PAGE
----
Education and Fertility: Panel Evidence from sub-Saharan Africa
Carolyn Chisadza and
No 201526, Working Papers from University of Pretoria, Department of Economics
We study the effects of different levels of education on fertility in 48 sub-Saharan African countries between 1970 and 2010. The results, based on panel data analysis with fi?xed effects and instrumental variables, show how that lower education levels do not have a significant effect on people?s fertility decisions. However, the results from the higher education levels suggest otherwise. They are indicative of a region that is transitioning from the Malthusian epoch to a modern growth regime in which people substitute quantity for quality of children. Lower fertility implies less strain on public expenditure, higher human capital and higher productivity which can lead to sustained economic growth as witnessed in most developed regions today.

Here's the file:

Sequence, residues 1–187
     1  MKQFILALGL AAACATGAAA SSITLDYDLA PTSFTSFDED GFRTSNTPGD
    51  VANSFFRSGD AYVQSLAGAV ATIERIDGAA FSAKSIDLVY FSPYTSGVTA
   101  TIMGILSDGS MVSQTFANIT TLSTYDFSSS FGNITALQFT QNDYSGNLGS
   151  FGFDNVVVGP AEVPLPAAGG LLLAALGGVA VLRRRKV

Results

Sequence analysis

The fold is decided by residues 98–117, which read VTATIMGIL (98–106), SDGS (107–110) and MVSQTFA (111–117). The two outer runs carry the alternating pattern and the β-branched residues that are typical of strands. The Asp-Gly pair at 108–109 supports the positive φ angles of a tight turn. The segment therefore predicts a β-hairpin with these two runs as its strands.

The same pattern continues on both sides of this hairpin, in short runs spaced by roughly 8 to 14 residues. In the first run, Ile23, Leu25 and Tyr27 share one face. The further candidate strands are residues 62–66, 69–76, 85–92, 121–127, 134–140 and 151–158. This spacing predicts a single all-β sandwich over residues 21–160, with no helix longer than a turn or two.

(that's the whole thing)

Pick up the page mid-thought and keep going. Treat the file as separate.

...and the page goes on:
Keywords: education; fertility; sub-Saharan Africa (search for similar items in EconPapers)
JEL-codes: O55 J13 I25 (search for similar items in EconPapers)
Pages: 30 pages
New Economics Papers: this item is included in nep-afr, nep-dev, nep-edu, nep-fdg and nep-gro
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Persistent link: https://EconPapers.repec.org/RePEc:pre:wpaper:201526
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